Part 1: Participants included 10,562 male and female jail detainees admitted to one of four county jails, two in Maryland (Montgomery County, MD, and Prince George County, MD) and two in New York (Rennselaer County, NY, and Monroe County, NY) from November 2005 to June 2006. Part 2: The screening data were used to identify a sub-sample of 945 detainees who were systematically selected within sampling subgroups for a detailed clinical assessment conducted by a trained research interviewer using the Structured Clinical Interview for DSM-IV (SCID). This sample was constructed so that there would be an adequate sample from each jail scored positively on the BJMHS-R (Referrals) and designed to comprise a large enough number of females to enable separate analysis by gender resulting in an over-sampling in those two groups. Participants in the final SCID sub-sample were 464 detainees that included 175 Referrals (68 males and 107 females) and 289 Non-referrals (138 males and 151 females).
Mode of Data Collection:
Data were collected by administering a revised version of the Brief Jail Mental Health Screen (BJMHS-R) and the Structured Clinical Interview for DSM-IV (SCID).
Description of Variables:
Part 1, Tracking Data, contains 54 variables, including items and scores from the revised Brief Jail Mental Health Screen (BJMHS-R), that were used to used to identify and generate a list of potential detainee participants for the Structured Clinical Interview for DSM-IV (SCID) interview. Variables in Part 1, Tracking Data, include jail code, screen administration date and time, gender, age, admission status, race, 12 BJMHS-R variables, officer's comments, officer's sex, selection for SCID interview, SCID consent, SCID interview outcome, referral status, and computed variables.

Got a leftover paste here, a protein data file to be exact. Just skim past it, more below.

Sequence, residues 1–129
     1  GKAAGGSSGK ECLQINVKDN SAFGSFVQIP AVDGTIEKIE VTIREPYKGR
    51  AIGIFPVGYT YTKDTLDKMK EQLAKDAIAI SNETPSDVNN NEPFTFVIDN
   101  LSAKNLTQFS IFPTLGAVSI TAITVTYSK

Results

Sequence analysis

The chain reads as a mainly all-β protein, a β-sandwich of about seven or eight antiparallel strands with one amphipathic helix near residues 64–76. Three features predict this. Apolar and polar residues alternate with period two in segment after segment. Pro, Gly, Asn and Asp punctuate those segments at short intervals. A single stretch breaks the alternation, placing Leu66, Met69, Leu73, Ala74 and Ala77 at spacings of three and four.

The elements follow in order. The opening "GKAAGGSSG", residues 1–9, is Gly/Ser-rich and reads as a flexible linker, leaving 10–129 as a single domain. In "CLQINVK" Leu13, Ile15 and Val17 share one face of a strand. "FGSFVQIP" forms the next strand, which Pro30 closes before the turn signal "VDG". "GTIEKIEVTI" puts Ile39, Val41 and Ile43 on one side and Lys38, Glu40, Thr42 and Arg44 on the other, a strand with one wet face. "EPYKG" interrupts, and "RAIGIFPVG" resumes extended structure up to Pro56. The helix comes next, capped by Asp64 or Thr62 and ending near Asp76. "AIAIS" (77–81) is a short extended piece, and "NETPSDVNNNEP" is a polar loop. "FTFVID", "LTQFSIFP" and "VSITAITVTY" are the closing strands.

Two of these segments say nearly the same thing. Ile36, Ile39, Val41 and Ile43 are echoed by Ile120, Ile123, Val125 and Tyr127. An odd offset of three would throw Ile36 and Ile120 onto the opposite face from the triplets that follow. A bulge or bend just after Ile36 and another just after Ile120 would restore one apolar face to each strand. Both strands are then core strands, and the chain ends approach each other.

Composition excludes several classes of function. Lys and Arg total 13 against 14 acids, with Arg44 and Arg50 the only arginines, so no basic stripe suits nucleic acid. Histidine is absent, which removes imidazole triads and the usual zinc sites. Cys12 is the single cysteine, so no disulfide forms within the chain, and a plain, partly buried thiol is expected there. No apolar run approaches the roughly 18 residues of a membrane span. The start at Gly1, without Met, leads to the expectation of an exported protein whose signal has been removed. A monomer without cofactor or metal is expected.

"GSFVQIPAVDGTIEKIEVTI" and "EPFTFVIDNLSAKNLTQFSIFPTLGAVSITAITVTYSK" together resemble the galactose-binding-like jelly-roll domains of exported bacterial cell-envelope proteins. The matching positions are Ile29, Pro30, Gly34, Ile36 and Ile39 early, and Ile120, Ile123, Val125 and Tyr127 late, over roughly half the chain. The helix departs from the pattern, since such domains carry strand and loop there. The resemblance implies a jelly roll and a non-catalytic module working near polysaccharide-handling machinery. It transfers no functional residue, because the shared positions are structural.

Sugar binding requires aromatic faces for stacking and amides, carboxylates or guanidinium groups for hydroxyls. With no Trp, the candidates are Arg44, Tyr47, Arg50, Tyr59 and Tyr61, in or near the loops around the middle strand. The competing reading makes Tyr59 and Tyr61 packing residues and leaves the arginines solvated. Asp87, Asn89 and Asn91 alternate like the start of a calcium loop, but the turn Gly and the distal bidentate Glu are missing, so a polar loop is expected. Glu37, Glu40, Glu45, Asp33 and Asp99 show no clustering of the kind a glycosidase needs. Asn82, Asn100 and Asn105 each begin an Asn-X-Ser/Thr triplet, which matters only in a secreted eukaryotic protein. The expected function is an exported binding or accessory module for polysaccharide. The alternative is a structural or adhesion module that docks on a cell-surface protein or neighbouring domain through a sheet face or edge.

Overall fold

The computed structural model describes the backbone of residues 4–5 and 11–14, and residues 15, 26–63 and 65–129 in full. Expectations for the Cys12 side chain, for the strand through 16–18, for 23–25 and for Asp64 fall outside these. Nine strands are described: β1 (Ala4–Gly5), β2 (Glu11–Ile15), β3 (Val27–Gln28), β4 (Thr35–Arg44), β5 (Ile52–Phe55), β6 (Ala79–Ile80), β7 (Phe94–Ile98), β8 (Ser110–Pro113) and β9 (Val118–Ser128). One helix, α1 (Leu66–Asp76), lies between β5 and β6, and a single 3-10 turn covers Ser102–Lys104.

Part 2, Interview Data, contains 326 variables, including items and scores from both the BJMHS-R and the SCID interviews, that were used to validate the screen. Variables in Part 2, Interview Data, include jail code, age and sex of respondent, admission status, race, 12 BJMHS-R variables, officer's comments, officer's sex, and referral status. Additional items in Part 2 from the SCID interview include bipolar variables, major depressive variables, dysthymic disorder variables, mood disorder variables, substance abuse variables, schizophrenia disorder variables, delusional disorder variables, psychotic disorder variables, anxiety disorder variables, principle Axis I diagnosis, interview diagnosis variables, treatment, comments, other delusion variables, hallucination variables, symptom variables, traumatic event variables, computed variables, post-traumatic stress variables, serious mental illness, and time taken to complete the SCID interview.
Part 1: Not applicable. Part 2: The overall response rate was 68.6 percent. Approximately 26 percent of those selected for a detailed clinical assessment using the Structured Clinical Interview for DSM-IV (SCID) were released prior to the interview or were unavailable for a variety of reasons (illness, etc.). The refusal rate, while high, was identical to the 31 percent refusal rate in prior research and was most likely due to the lack of compensation and difficulty scheduling within the jail constraints.
Presence of Common Scales:
Scales used were the a revised version of the Brief Jail Mental Health Screen (BJMHS-R) and the Structured Clinical Interview for DSM-IV (SCID).
Extent of Processing: ICPSR data undergo a confidentiality review and are altered when necessary to limit the risk of
disclosure. ICPSR also routinely creates ready-to-go data files along with setups in the major
statistical software formats as well as standard codebooks to accompany the data. In addition to
these procedures, ICPSR performed the following processing steps for this data collection:
Created variable labels and/or value labels.
Standardized missing values.
Checked for undocumented or out-of-range codes.